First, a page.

A ratio (such as 20/20) that measures the acuity of a person's eyesight for objects at a distance. The denominator represents the distance at which the detail of a letter on a standard test chart would subtend an angle of one arcminute, and the numerator represents the testing distance (the distance at which the person being tested correctly identifies the letter). By custom, the ratio is often stated with a standard testing distance such as 20 feet or 6 meters, depending on which country you're in. So, for example, 20/100 in the United States (or 6/30 in countries using the metric system) means that the person located 20 feet (or 6 meters) from the chart can identify a letter subtending an angle of one arcminute at a distance of 100 feet (or 30 meters). Named The for the Dutch ophthalmologist Herman Snellen, who developed the first standard methods for measuring visual acuity.

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A ratio (such as 20/20) that measures the acuity of a person's eyesight for objects at a distance. The denominator represents the distance at which the detail of a letter on a standard test chart would subtend an angle of one arcminute, and the numerator represents the testing distance (the distance at which the person being tested correctly identifies the letter). By custom, the ratio is often stated with a standard testing distance such as 20 feet or 6 meters, depending on which country you're in. So, for example, 20/100 in the United States (or 6/30 in countries using the metric system) means that the person located 20 feet (or 6 meters) from the chart can identify a letter subtending an angle of one arcminute at a distance of 100 feet (or 30 meters). Named The for the Dutch ophthalmologist Herman Snellen, who developed the first standard methods for measuring visual acuity.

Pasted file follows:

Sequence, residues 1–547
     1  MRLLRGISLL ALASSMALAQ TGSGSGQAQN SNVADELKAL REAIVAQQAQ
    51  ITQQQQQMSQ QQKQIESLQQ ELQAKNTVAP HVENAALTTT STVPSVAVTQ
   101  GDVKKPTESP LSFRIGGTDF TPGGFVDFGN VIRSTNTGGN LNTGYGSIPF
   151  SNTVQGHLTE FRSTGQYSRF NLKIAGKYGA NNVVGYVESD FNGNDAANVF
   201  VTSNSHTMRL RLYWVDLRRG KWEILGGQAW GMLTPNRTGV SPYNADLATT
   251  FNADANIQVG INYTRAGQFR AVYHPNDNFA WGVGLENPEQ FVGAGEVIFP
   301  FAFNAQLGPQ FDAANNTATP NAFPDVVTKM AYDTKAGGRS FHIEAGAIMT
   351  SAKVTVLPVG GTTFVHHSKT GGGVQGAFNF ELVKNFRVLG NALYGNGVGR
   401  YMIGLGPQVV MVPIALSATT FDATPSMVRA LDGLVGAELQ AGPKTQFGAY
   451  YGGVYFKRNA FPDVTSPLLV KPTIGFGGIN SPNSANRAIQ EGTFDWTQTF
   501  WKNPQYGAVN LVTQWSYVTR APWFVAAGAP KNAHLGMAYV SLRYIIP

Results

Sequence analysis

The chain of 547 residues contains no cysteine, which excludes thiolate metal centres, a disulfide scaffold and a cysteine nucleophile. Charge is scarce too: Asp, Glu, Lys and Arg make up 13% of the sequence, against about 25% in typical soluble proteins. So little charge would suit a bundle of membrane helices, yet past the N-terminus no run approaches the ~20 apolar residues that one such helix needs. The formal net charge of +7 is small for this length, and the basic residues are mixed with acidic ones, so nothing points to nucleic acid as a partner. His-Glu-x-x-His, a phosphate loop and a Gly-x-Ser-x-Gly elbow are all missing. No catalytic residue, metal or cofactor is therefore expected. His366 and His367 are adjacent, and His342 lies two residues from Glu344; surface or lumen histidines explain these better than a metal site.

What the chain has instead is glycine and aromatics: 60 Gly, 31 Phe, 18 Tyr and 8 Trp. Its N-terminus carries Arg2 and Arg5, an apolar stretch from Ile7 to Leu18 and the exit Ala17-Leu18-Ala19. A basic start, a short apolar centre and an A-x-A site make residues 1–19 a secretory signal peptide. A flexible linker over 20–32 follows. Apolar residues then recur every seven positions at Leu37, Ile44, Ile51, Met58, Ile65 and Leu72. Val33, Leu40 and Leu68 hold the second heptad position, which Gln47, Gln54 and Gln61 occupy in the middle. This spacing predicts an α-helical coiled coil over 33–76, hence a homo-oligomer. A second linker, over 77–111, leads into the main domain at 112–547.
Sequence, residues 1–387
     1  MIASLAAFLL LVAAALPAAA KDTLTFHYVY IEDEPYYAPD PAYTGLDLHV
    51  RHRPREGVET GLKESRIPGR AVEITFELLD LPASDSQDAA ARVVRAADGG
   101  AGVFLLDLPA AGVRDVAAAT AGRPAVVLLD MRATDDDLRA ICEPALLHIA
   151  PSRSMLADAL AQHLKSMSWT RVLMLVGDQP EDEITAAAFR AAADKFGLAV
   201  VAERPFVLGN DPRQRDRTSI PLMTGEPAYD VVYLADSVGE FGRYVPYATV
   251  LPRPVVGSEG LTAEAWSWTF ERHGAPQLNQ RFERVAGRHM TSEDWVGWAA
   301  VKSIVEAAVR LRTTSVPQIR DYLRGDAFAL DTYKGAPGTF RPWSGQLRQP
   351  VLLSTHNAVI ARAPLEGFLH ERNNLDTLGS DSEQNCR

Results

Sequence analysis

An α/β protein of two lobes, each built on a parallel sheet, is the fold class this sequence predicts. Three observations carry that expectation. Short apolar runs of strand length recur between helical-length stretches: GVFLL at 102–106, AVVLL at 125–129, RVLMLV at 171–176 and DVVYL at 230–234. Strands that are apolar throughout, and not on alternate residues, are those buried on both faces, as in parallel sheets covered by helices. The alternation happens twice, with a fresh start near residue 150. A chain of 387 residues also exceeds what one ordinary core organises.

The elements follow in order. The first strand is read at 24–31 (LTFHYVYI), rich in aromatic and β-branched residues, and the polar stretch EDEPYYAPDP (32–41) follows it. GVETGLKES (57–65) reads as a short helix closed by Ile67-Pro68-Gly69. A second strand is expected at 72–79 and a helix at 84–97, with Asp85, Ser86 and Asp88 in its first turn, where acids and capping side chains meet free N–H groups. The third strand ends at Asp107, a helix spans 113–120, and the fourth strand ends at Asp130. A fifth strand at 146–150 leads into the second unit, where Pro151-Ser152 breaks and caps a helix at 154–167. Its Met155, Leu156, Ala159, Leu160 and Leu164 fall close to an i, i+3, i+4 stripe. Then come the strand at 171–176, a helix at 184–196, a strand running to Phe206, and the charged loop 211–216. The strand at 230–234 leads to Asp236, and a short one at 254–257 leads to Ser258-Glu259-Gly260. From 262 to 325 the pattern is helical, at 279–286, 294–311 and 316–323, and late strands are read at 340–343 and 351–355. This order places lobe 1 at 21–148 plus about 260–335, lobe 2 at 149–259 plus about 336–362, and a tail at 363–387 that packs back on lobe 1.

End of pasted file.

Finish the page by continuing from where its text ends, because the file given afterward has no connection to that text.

November 6, 2007